Landlords, tenants calling for protection — but when will it happen?

Imagine being stuck in a situation where you don't feel safe, and needing to pass a 15-step flowchart to get out of it.

Still no timeline for review of legislation last changed 17 years ago

Matthew and Nicole Cross were left to fix up their entire house, after both apartments were trashed by tenants. (John Pike/CBC)

There are syringes on your floor. Blood on your ceiling. Holes kicked in every surface.

Boxed inside your four walls, the people you rented to have lost control of their lives and are in total control of your house.

So what is standing between their destructive behaviour and your peace of mind?

A flowchart at Service NL shows the process once a dispute is made official. (Ryan Cooke/CBC)

A continuous flowchart taped to the wall in a government building in Mount Pearl, with every black line leading to the word "appeal."

But this flowchart has come to torment more than just landlords in Newfoundland and Labrador.

It is the same process used to recoup rent for tenants who have been ripped off by their landlords, some of whom house hundreds of people in slum conditions across the province.

CBC News has been covering landlord-tenant stories for years, and two things have become abundantly clear — honest people on both sides are unhappy with the Residential Tenancies Act, and changes are not coming fast enough.

'At what point does it become criminal?'

Six months ago, we heard from Matt Doyle.

His rental unit in Paradise was vandalized when his long-term tenant fell into the depths of addiction with a new partner.

Doyle came to know the Residential Tenancies Act inside and out as he searched for a clause to save his property before it was destroyed. He also sought out ways to help his tenants before they destroyed themselves, or harmed their infant daughter.

He called the police. He called social workers. He got nowhere.

Matt Doyle was stuck with a hazardous mess to clean up after his tenants were evicted and left behind their belongings, including needles. (Mark Cumby/CBC)

"If you break into my house and destroy my property, that's a crime," Doyle told me. "But if you rent my home and destroy my property, that's civil."

On Thursday, we brought you the story of a couple in St. John's going through the same ordeal.

Matthew and Nicole Cross knew their tenants were wreaking havoc on their home, but couldn't get the police involved to stop them. They were told it was not a criminal matter, but a civil matter.

Matthew Cross figures he is out around $15,000 after his upstairs and downstairs apartments were trashed. (John Pike/CBC)

They entered the tangled flowchart at Service NL and were able to evict the tenants with the help of sheriff's officers — after five months of procedure.

"At what point does it become criminal?" Nicole Cross asked during an interview with CBC News.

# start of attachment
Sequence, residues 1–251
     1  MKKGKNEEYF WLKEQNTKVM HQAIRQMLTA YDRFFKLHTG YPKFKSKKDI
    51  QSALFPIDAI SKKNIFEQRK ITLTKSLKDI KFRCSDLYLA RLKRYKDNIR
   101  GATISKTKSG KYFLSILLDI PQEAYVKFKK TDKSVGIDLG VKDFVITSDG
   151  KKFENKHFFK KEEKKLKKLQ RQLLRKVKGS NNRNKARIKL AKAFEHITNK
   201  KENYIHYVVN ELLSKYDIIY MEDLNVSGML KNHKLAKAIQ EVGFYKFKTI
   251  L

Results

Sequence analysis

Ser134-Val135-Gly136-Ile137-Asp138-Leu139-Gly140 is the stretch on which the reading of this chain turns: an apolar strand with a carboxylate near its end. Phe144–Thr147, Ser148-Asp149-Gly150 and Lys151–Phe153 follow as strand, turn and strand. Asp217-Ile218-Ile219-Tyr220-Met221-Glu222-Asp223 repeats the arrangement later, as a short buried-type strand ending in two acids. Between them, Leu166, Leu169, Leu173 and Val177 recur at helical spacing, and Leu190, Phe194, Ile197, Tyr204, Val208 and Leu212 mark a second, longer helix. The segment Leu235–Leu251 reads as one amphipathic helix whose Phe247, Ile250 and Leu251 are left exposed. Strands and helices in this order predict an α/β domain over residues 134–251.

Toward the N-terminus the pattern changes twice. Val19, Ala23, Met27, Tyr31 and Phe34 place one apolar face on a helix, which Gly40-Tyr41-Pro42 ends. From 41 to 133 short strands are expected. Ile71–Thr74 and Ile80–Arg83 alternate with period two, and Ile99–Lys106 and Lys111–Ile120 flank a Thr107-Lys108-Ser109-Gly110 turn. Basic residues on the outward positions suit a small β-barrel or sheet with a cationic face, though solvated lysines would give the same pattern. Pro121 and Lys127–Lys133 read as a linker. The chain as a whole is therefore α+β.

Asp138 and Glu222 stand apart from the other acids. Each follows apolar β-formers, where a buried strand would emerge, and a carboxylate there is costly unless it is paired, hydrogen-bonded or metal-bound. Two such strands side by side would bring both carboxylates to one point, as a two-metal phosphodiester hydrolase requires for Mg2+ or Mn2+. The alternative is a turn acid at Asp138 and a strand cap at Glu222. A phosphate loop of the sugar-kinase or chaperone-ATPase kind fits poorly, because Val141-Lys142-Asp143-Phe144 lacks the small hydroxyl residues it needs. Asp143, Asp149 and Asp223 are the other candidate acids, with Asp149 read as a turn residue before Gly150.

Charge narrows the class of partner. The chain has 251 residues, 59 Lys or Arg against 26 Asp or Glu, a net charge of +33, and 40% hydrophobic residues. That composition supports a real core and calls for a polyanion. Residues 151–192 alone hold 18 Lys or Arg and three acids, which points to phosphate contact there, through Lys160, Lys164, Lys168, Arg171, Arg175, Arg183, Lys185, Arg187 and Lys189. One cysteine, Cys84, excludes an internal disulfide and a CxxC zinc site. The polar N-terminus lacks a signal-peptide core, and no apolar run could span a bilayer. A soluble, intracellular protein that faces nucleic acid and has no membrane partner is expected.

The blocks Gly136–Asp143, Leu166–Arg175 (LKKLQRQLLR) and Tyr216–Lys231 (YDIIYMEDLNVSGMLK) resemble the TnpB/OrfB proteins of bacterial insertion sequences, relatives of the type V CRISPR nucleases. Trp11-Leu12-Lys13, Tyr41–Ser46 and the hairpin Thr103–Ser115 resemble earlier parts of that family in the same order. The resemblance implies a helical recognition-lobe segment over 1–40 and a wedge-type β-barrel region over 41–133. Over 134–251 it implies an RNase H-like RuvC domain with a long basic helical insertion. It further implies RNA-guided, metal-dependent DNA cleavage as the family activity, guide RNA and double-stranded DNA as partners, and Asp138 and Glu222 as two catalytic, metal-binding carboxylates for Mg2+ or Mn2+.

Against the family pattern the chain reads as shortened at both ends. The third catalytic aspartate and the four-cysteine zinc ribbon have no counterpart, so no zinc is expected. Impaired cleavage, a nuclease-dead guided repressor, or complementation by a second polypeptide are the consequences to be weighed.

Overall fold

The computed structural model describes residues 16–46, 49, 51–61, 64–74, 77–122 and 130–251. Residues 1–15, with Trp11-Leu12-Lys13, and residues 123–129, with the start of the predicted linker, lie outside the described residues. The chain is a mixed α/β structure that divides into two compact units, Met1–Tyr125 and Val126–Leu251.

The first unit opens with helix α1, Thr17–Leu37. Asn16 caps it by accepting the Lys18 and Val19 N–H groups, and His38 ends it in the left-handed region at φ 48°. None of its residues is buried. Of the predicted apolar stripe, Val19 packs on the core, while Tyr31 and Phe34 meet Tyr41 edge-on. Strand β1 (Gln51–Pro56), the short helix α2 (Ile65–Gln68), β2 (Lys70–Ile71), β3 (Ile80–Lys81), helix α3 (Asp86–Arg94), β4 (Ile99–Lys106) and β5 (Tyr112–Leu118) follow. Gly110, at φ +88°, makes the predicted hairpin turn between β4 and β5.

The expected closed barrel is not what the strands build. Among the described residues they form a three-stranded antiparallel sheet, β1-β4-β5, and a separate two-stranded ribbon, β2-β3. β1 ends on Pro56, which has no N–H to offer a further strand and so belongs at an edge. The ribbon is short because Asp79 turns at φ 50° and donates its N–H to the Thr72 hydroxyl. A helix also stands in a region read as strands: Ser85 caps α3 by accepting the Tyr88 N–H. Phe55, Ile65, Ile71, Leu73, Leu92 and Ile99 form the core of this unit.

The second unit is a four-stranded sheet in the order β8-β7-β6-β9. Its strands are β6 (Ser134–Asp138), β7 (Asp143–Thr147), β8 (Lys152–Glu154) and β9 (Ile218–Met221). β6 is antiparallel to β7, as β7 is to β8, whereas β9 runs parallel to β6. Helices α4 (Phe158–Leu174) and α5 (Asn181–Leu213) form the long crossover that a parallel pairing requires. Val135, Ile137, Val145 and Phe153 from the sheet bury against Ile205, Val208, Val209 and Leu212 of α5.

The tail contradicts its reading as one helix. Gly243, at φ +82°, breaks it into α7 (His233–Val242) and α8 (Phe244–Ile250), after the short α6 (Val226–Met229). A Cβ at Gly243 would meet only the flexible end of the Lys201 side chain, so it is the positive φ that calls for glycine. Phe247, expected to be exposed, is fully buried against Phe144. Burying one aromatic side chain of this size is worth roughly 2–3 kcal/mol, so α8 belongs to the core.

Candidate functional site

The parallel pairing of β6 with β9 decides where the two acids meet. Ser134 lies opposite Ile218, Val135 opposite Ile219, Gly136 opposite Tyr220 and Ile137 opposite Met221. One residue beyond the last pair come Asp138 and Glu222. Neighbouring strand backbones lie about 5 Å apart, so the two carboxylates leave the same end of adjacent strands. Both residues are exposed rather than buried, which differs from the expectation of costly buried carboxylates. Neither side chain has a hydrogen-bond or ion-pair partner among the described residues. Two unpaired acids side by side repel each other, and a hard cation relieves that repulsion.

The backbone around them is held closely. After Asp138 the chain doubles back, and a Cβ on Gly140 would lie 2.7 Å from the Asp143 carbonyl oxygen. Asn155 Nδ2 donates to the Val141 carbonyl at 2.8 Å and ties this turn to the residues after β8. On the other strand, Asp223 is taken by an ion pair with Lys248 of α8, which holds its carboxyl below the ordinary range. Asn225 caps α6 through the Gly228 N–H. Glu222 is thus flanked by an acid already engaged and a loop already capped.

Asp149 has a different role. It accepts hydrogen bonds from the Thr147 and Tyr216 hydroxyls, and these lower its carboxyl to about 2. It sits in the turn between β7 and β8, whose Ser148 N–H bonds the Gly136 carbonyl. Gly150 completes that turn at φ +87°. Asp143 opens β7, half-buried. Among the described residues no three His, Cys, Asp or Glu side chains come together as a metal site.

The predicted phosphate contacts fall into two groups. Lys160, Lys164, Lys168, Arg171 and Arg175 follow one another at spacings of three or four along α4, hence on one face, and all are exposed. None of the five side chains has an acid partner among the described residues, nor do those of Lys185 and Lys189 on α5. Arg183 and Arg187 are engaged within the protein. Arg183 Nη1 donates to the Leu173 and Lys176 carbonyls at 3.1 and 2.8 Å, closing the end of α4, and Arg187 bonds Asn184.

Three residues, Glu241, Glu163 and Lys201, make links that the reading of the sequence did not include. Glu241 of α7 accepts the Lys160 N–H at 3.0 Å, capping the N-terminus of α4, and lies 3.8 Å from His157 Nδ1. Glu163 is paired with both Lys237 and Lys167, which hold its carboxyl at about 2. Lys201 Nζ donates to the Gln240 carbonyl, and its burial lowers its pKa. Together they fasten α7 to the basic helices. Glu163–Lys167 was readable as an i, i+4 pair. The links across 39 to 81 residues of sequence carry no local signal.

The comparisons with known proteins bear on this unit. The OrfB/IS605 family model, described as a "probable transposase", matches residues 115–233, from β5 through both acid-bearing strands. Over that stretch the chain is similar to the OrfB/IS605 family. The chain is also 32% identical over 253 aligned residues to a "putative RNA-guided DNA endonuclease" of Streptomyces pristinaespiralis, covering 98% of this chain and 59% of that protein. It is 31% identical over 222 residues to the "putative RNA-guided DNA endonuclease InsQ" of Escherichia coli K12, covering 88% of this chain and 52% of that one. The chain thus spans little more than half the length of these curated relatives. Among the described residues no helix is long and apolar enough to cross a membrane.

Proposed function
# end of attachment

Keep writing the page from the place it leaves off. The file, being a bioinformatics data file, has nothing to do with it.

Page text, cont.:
Well, according to the Royal Newfoundland Constabulary, it becomes their business when damages are "willfully/intentionally caused by the tenant or another known party and must be more than negligible."

The Cross family expects to be out $15,000. Matt Doyle lost $10,000 in rent and damages.

So at what point does it become more than negligible?

Turnover in the minister's chair

Since the Liberal government was elected in 2015, there have been three ministers of Service NL, the department in charge of the Residential Tenancies Act.

All three ministers — Eddie Joyce, Perry Trimper and Sherry Gambin-Walsh — have promised a review of the legislation, last changed in 2000. None, however, have been able to state a timeline.

The last three ministers of Service NL have talked about reviewing the Residential Tenancies Act. So far, public consultations have not begun. (CBC)

Trimper stated he was unwilling to work with a review by the Progressive Conservative government — a review shelved in 2014 and never published.

Trimper told CBC News in April that the Liberal government would do its own review instead of piggybacking on work started five years ago with public consultations across the province.

"Over the past five years there have been changes in the marketplace, and our intention is to update this information in a way that includes additional opportunity for input from the public," Trimper said.

Gambin-Walsh took over Service NL on July 31. Since then, her office has declined three requests for an interview on the Residential Tenancies Act.

On Thursday, a statement said work within their office had started, but gave no timeline for public consultations or changes.

The 2014 review took the PC government two years to reach its final stage of incompletion. The recommendations were never finalized and taxpayer money fell by the wayside.

It remains to be seen how much more will be spent on reviewing legislation, or how long landlords and tenants will be waiting for what they want — stronger protection from greed, dishonesty and malice.

About the Author

Ryan Cooke

Ryan Cooke works for CBC out of its bureau in St. John's.